Rooting for the machines A Blog by Chris Baldassano

Cutups and configural processing

“The love of complexity without reductionism makes art; the love of complexity with reductionism makes science.” — E.O. Wilson

In the 1950s William S. Burroughs popularized an art form called the “cut-up technique.” The idea was to take existing stories (in text, audio, or video) and cut them up into pieces, and then recombine them into something new. His creations are a juxaposition of (often disturbing) imagery, chosen to fit together despite coming from different sources. Here’s a sample from The Soft Machine:

Police files of the world spurt out in a blast of bone meal, garden tools and barbecue sets whistle through the air, skewer the spectators - crumpled cloth bodies through dead nitrous streets of an old film set - grey luminous flakes falling softly on Ewyork, Onolulu, Aris, Ome, Osteon - From siren towers the twanging notes of fear - Pan God of Panic piping blue notes through empty streets as the berserk time machine twisted a tornado of years and centuries-

The cut-ups aren’t always coherent in the sense of having an understandable plot - sometimes Burroughs was just aiming to convey an emotion. He attributed an almost mystical quality to cut-ups, saying they could help reveal the hidden meanings in text or even serve as prophecy, since “when you cut into the present the future leaks out.” His experimental film The Cut-Ups was predictably polarizing, with some people finding it mesmerizing and others demanding their money back.

If you jump through the video a bit you’ll see that it isn’t quite as repetitive as it seems during the first minute. (I also think Burroughs would heartily approve of jumping through the movie rather than watching it from beginning to end.)

This idea of combining parts to create something new is alive and well on the internet, especially now that we are starting to amass a huge library of video and audio clips. It’s painstaking work, but there is a whole genre of videos in which clips from public figures are put together to recreate or parody existing songs, or to create totally original compositions.

Since the whole can have a meaning that is more than the sum of its parts, our brains must be somehow putting these parts together. This process is referred to as “configural processing,” since understanding what we’re hearing or seeing requires looking not just at the parts but at their configuration. Work from Uri Hasson’s lab (before I joined as a postdoc) has looked at how meaning gets pieced together throughout a story, and found a network of brain regions that help join sentences together to understand a narrative. They used stimuli very similar to the cut-ups, in which sentences were cut out and then put back together in a random order, and showed that these brain regions stopped responding consistently when the overall meaning was taken away (even though the parts were the same).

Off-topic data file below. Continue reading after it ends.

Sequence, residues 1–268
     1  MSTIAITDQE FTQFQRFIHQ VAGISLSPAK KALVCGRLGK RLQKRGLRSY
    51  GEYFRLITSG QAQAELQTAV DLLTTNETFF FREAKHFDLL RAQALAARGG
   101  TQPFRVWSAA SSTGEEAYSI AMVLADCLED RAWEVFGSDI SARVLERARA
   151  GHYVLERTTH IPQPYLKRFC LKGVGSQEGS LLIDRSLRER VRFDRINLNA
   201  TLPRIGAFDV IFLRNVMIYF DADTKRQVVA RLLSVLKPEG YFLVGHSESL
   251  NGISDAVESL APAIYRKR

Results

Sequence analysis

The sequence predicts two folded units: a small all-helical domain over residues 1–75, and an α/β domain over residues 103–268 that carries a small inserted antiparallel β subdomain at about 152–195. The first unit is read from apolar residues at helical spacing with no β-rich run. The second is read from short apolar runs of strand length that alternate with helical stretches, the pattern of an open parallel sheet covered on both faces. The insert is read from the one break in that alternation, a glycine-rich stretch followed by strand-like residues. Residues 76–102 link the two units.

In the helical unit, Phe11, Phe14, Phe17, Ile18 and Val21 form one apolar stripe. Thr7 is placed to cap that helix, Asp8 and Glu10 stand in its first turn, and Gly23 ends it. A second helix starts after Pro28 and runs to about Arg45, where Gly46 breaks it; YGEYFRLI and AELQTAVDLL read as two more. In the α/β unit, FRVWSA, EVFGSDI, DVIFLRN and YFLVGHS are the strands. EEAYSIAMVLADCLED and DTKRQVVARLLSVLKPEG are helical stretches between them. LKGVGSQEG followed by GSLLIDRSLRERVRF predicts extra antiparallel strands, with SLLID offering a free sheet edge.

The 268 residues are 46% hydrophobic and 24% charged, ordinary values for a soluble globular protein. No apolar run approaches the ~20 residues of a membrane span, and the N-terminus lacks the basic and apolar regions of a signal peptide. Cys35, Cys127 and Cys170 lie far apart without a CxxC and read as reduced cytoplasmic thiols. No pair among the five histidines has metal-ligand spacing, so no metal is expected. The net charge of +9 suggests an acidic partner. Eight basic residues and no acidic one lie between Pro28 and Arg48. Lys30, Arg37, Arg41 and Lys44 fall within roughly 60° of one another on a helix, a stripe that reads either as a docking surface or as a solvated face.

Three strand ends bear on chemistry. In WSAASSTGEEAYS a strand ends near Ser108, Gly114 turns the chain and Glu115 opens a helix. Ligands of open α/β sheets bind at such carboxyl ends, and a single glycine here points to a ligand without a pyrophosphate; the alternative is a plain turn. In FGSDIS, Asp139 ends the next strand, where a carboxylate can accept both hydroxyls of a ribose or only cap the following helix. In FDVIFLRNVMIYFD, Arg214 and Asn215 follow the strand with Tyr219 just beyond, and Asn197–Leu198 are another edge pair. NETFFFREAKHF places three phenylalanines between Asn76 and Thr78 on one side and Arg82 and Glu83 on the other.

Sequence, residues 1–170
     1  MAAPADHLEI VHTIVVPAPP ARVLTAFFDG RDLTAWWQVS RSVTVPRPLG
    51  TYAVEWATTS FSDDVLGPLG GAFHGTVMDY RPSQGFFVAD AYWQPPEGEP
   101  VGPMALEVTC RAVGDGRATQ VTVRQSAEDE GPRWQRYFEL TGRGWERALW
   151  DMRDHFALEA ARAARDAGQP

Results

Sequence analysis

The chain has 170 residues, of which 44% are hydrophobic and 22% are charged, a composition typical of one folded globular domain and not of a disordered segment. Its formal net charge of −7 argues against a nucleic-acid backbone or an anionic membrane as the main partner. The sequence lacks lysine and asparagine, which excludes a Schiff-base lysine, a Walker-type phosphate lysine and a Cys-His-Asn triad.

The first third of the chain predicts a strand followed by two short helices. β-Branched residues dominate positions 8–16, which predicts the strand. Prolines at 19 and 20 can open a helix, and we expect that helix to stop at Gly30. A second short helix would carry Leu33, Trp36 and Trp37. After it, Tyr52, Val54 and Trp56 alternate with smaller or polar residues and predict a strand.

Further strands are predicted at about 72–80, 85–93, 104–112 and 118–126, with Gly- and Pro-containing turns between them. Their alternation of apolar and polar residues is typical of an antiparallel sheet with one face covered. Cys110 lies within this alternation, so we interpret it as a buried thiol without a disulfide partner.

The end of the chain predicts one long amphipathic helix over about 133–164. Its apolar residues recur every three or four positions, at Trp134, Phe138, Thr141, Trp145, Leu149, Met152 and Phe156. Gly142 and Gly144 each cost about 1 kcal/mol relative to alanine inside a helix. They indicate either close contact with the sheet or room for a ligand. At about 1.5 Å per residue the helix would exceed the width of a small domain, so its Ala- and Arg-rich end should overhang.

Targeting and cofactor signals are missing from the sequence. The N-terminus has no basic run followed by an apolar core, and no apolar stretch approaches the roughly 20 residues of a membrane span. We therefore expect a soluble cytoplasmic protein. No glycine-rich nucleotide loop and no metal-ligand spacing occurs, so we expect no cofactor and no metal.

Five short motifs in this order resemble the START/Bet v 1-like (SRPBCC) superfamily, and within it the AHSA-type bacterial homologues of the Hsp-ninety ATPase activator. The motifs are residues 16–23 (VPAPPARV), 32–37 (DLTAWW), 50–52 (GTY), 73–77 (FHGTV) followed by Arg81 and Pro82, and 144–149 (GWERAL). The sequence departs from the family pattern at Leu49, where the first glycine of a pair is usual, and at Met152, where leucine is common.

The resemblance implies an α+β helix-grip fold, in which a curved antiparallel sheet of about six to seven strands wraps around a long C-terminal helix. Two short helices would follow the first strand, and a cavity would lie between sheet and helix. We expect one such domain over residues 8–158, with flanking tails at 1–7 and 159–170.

Today I (along with my PhD advisors, Fei-Fei Li and Diane Beck) have a new paper out in Cerebral Cortex, titled Human-object interactions are more than the sum of their parts (free-access link). This paper looks at how things get combined across space (rather than time) in the visual system. We were looking specifically at images containing either a person, an object, or both, and tried to find brain regions where a meaningful human-object interaction looked different from just a sum of person plus object.


In the full paper we look at a number of different brain regions, but some of the most interesting results come from the superior temporal sulcus (an area right behind the top of your ears). This area couldn’t care less about objects by themselves, and doesn’t even care much about people if they aren’t doing anything. But as soon as we put the person and object together in a meaningful way, it starts paying attention, and we can make a better-than-chance guess about what action the person is performing (in the picture you’re currently looking at) just by reading your brain activity from this region. Our current theory about this region is that it is involved in understanding the actions and intentions of other people, as I described in a previous post.

Next month I’ll be presenting at CEMS 2016 on some new work I’ve been doing with Uri and Ken Norman, where I’m trying to figure out exactly which pieces of a story end up getting combined together and how these combined representations get stored into memory. Working with real stories (like movies and TV shows) is challenging as a scientist, since usually we like our stimuli to be very tightly controlled, but these kinds of creative, meaningful stimuli can give us a window into the most interesting functions of the brain.

Interviewer: In view of all this, what will happen to fiction in the next twenty-five years?

Burroughs: In the first place, I think there's going to be more and more merging of art and science. Scientists are already studying the creative process, and I think the whole line between art and science will break down and that scientists, I hope, will become more creative and writers more scientific. [...] Science will also discover for us how association blocks actually form.

Interviewer: Do you think this will destroy the magic?

Burroughs: Not at all. I would say it would enhance it.

William S. Burroughs, The Art of Fiction No. 36 </div>

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